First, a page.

One thing I can say about the Luke Bryan Farm Tour is that it has a family-like vibe. The artists, musicians, and crew members all worked together with the common purpose of making a great show happen every night, and a great show did happen every night! On the last night of the tour, I found myself in a moment of irony watching one of Luke’s final songs of the evening from side stage, “I Don’t Want This Night to End”. I think there was some real truth in that moment for many of us.
If you want to learn more about what happens behind the scenes in the Nashville music industry, check out Eric’s book “The Nashville Musician’s Survival Guide”.
It’s the first week of this brand-new year of 2013 and, not that I believe in New Year’s resolutions, one of the things I’m going to try to do differently in this new year is to get back to blogging more regularly. In that spirit, I also want to learn how to write shorter blogs. Let’s see how I do at my first attempt.
2012 was an interesting year, a lot happened in our world. A long-winded, and divisive election season came and went, it was one of the most extreme years of extreme weather since record-keeping began; our military is still in the midst of several conflicts around the globe; the tragic Sandy Hook shooting in Connecticut terrified us all, gun control is now a national conversation, and Facebook is still here after a disastrous stock market ploy.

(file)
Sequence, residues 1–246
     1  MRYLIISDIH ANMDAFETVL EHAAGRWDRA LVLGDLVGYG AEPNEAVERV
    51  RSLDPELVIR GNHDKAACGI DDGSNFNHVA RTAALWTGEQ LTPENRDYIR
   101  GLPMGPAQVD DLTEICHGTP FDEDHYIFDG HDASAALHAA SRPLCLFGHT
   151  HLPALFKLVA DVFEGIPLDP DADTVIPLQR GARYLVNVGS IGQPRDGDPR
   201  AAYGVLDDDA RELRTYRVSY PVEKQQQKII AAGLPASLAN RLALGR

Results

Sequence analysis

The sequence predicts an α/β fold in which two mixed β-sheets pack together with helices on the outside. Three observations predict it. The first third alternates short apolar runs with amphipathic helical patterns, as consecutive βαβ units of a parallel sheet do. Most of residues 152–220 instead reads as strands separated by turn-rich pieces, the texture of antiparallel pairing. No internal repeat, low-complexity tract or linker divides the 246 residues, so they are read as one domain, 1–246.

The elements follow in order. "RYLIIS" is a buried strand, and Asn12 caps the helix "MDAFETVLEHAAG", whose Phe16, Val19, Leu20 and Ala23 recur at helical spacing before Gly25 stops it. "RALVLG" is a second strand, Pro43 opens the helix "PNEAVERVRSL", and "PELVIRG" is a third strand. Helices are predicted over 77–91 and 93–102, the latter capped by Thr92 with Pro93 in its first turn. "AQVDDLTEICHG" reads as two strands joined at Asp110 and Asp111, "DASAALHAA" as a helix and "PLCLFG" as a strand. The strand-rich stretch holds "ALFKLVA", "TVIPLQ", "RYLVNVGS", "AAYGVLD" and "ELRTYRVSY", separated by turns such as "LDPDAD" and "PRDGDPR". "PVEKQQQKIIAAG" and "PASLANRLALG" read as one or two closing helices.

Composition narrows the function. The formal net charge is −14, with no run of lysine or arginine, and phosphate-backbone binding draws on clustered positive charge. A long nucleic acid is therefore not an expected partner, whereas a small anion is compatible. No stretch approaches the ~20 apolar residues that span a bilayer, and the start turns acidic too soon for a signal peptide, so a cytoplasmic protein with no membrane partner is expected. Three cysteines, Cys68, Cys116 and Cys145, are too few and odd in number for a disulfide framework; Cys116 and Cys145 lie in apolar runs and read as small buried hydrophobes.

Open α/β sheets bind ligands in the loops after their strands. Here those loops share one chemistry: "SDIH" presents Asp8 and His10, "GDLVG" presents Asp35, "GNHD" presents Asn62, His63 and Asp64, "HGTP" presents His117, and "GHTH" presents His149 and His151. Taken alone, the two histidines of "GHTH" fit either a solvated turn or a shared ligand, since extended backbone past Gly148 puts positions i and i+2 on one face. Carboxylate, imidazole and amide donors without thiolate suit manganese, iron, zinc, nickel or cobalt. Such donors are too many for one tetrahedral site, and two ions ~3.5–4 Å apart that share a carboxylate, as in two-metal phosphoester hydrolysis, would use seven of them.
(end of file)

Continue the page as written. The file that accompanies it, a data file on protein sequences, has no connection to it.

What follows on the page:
I also had a few big moments. I played a handful of shows with The Peach Pickers (Rhett Akins and Dallas Davidson) on the sold-out Luke Bryan Farm Tour (you can read more about that adventure here), I hosted a monthly Berklee Alumni Jam, got to play music with Jack Pearson (read “Jack Pearson at the Nashville Berklee Jam) and Reese Wynans (read “Stevie Ray Vaughan keyboardist, Reese Wynans talks at Nashville Berklee Jam”), I ran in my first-ever 5K road race, met a lot of cool people, listened to a lot of great records, and cooked and ate a lot of good food!